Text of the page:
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  • AnJenette Afridi. MA

Mindful Practices

The American Psychological Association (APA) October 30, 2019:

"People have been meditating for thousands of years, often as part of a spiritual practice. But in more recent years, mindfulness has become a popular way to help people manage their stress and improve their overall well-being — and a wealth of research shows it’s effective."

Mindfulness and meditation have been hot topics lately and these two words have been used interchangeably. Mindfulness is the awareness of “some-thing,” while meditation is the awareness of “no-thing.”

Meditation is a mind-body practice in which we focus our attention on something, such as an object, word, phrase, music, movement or breathing, in order to minimize distracting or stressful thoughts or feelings. Meditation is practiced for a specific amount of time.

Mindfulness is an informal practice of moment-to-moment awareness of one's experience without judgment and is also a state of mind. Mindfulness can be applied to the moments of our daily life to be fully engaged in that moment.

Mindfulness is also a popular notion in the world of psychology. AnJenette Afridi, MA has been a member of the The American Psychological Association (APA) since 1996. The APA has described the state of mindfulness as one in which an individual is cognizant of what he or she is experiencing at any given moment, without passing judgment on that experience. Erik Dane, who researches for the Journal of Management, has illuminated the definition of mindfulness even further, asserting that it involves a focus on both internal and external stimuli that exist in the present.

The benefits of maintaining this present-moment focus have been the subject of extensive research, and the application of theories surrounding mindfulness has become ubiquitous in the health and wellness field. The popularity of mindfulness is not without reason, as it can exert a positive effect on mental, emotional, and physical wellbeing.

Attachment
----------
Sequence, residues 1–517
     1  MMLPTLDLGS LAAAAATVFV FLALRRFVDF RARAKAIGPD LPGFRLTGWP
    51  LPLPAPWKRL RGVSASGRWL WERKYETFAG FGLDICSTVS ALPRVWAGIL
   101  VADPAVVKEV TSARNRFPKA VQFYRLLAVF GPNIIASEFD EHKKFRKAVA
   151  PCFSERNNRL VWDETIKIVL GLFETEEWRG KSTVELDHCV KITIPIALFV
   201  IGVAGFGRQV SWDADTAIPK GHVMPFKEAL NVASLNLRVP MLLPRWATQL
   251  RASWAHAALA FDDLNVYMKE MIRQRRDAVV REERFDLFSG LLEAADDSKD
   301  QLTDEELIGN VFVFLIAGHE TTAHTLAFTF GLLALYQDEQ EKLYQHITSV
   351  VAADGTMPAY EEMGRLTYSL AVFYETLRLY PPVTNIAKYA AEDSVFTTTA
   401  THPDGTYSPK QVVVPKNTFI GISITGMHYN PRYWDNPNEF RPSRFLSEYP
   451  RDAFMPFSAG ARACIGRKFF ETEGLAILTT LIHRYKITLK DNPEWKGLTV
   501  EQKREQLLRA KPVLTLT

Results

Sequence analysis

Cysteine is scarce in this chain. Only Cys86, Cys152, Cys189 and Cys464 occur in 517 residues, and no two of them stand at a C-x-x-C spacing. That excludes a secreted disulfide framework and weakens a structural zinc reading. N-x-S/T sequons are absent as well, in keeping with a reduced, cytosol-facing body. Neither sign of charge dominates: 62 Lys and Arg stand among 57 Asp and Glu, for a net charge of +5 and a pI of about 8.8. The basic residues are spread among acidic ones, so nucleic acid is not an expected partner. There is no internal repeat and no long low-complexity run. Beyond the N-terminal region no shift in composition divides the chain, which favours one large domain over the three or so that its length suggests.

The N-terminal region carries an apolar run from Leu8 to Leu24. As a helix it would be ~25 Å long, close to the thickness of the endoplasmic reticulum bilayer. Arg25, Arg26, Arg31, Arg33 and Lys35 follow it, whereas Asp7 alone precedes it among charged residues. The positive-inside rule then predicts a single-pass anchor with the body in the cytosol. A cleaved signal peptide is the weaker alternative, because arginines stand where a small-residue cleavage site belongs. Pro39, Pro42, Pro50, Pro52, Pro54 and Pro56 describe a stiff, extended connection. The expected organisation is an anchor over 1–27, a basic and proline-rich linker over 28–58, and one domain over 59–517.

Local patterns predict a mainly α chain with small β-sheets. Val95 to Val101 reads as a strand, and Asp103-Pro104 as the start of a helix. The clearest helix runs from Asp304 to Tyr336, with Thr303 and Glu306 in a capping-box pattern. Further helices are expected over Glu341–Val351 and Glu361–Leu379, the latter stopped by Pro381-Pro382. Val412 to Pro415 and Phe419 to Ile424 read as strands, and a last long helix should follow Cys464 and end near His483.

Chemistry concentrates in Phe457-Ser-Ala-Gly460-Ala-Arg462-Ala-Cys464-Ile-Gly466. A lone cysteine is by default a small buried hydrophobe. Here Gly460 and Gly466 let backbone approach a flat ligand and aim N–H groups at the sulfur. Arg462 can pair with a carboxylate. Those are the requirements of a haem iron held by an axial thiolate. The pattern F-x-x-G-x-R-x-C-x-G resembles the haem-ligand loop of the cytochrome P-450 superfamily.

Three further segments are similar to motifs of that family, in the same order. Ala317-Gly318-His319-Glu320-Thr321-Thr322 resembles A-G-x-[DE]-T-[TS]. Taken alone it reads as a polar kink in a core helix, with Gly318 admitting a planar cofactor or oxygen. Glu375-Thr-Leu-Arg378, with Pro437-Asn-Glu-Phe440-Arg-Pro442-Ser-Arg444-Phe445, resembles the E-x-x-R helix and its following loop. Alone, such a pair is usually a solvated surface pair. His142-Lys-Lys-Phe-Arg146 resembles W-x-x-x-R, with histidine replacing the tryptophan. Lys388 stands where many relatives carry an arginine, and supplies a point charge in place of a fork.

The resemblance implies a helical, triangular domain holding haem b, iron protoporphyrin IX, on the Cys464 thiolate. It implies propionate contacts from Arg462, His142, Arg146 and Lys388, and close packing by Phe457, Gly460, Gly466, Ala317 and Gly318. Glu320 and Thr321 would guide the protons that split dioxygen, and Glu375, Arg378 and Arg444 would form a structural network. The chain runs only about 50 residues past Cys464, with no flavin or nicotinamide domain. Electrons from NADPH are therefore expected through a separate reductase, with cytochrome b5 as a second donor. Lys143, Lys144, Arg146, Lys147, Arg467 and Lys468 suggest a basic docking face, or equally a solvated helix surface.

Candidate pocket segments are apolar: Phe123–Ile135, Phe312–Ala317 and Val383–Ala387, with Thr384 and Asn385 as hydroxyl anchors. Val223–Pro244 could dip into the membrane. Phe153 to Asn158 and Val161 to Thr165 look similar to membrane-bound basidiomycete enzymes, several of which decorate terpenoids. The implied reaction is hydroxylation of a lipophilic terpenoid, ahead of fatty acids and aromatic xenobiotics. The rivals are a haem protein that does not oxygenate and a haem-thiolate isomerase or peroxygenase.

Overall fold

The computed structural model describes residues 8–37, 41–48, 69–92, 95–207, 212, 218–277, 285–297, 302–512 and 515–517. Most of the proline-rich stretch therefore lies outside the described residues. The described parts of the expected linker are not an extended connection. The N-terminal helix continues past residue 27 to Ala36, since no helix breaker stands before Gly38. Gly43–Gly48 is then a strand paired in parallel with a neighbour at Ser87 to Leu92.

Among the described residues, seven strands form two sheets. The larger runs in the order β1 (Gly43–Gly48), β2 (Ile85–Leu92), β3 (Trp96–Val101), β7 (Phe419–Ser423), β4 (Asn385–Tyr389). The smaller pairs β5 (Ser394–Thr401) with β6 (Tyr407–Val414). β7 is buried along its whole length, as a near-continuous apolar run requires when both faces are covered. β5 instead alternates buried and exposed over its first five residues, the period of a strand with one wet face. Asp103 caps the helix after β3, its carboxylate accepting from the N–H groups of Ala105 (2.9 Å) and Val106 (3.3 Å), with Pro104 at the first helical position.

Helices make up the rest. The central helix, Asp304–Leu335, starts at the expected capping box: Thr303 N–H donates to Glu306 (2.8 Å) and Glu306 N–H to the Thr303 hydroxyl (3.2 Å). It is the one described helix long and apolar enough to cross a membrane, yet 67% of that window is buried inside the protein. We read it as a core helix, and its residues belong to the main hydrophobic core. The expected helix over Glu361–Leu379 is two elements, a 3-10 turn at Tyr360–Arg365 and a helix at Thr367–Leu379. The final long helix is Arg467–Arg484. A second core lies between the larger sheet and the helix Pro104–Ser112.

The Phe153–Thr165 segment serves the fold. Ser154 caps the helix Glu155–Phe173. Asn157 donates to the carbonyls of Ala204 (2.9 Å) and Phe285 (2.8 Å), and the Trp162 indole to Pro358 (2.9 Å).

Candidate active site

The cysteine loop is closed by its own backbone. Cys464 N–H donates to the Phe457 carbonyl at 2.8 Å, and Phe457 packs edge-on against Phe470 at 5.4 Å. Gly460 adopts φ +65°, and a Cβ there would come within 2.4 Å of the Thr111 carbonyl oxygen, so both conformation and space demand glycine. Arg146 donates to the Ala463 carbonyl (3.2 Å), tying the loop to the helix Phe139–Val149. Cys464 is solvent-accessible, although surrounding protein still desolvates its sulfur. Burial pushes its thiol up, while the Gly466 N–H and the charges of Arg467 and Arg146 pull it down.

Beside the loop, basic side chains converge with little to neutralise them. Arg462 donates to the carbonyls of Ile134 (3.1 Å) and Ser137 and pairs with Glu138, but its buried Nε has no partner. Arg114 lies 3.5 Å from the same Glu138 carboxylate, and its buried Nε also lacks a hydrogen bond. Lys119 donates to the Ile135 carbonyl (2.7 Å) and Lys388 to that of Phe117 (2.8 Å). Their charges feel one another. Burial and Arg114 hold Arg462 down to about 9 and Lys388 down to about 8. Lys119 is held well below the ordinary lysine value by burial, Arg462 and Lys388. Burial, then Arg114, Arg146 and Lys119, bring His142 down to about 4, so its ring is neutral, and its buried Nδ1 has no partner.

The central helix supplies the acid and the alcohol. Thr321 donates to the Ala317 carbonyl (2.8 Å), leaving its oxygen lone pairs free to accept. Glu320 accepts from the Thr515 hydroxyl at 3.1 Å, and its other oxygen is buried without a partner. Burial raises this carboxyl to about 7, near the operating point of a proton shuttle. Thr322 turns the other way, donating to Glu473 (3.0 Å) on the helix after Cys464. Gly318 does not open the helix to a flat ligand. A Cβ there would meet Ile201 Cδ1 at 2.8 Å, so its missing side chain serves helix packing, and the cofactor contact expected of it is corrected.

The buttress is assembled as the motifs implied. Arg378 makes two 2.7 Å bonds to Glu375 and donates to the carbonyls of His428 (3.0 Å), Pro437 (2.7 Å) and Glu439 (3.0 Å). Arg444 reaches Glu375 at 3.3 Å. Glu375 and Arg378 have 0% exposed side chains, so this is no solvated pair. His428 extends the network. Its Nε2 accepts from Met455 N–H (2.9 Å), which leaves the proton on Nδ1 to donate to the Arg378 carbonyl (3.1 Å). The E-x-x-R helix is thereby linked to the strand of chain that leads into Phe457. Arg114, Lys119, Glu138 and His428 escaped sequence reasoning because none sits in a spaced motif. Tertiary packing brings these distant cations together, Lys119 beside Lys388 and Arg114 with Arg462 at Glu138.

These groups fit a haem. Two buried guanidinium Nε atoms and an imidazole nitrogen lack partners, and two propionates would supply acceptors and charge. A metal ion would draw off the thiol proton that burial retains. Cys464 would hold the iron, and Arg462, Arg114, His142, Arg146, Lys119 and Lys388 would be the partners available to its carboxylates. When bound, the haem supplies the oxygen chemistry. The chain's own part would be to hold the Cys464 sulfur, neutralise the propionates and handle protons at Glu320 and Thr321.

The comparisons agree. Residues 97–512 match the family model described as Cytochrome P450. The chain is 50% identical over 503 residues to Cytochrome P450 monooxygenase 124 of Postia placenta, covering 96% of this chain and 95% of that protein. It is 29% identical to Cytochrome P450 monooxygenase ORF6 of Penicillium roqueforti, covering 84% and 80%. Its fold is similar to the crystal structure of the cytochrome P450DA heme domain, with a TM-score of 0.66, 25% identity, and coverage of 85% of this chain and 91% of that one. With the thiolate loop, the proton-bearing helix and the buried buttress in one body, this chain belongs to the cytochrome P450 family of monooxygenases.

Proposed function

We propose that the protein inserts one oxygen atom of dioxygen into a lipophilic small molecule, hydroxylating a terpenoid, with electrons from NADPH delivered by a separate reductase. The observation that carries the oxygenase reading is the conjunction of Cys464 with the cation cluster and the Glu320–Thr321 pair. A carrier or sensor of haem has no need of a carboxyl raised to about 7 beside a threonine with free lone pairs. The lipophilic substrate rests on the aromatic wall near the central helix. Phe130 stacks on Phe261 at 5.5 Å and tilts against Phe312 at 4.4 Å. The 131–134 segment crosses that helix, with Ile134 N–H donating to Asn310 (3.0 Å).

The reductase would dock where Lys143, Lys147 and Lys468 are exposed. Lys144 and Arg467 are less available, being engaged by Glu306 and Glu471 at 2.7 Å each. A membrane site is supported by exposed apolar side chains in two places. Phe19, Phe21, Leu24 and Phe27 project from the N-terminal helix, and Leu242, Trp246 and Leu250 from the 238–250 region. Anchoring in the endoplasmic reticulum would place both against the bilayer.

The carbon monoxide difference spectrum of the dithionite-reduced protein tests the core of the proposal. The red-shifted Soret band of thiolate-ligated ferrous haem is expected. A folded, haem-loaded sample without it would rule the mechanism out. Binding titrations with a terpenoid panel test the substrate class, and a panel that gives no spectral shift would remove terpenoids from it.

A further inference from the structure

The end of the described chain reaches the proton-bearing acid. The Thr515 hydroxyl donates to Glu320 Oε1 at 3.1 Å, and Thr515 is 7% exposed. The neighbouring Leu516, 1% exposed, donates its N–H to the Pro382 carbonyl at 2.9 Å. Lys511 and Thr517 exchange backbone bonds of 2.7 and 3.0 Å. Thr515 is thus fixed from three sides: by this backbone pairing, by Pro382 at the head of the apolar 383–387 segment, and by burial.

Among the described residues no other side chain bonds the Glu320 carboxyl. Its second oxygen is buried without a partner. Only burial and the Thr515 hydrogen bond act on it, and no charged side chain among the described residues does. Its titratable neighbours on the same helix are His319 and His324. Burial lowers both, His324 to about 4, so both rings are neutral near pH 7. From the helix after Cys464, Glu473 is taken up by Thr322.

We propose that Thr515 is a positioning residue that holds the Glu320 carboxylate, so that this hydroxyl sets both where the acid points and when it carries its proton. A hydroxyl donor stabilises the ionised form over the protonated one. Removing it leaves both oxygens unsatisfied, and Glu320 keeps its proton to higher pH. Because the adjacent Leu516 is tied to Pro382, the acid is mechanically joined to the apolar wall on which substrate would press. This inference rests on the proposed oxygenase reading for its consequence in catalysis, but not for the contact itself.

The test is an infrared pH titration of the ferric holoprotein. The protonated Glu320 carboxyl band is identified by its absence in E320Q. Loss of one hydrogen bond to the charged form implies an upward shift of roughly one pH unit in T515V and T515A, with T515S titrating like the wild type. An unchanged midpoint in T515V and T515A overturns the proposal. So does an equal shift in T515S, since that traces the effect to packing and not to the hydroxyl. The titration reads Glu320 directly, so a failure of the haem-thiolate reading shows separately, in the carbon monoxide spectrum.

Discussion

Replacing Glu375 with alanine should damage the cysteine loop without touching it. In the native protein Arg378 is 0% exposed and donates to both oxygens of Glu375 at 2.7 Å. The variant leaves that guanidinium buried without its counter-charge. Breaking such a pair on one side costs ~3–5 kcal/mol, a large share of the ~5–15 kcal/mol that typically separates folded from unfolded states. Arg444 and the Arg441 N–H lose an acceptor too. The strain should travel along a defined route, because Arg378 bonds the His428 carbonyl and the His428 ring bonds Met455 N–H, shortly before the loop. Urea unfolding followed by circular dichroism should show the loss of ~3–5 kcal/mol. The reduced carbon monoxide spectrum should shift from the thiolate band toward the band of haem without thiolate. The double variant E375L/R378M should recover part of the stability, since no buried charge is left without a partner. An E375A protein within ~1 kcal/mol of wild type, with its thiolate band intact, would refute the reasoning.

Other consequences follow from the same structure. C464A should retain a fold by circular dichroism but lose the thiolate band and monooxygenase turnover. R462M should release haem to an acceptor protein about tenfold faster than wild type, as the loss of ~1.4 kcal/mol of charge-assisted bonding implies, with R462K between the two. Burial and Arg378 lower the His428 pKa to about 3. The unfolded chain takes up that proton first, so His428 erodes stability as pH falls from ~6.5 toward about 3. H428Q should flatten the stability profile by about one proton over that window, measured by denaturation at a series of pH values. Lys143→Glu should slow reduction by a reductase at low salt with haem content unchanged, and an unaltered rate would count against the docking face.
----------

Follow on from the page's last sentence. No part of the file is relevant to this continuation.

Mindfulness-Based Interventions and Stress Reduction

Mindfulness-based interventions has received considerable attention for its potential role in stress reduction. A 2013 study in the Journal of Educational Psychology assessed the impact of a seven-week mindfulness intervention on teachers. When compared to individuals in a control group, teachers who participated in the mindfulness intervention experienced reductions in job-related stress and a decrease in feelings of burnout.

Additional research has supported the use of mindfulness interventions for stress reduction. Researchers for a 2017 publication of the journal Mindfulness found that a two-week Internet-based mindfulness intervention significantly reduced stress levels among students and staff members of a university. "In sum, this study showed that both Internet-based mindfulness training and Internet-based cognitive-behavioral training were efficacious in improving mental and physical health indicators among college students and young working adults in a convenient fashion."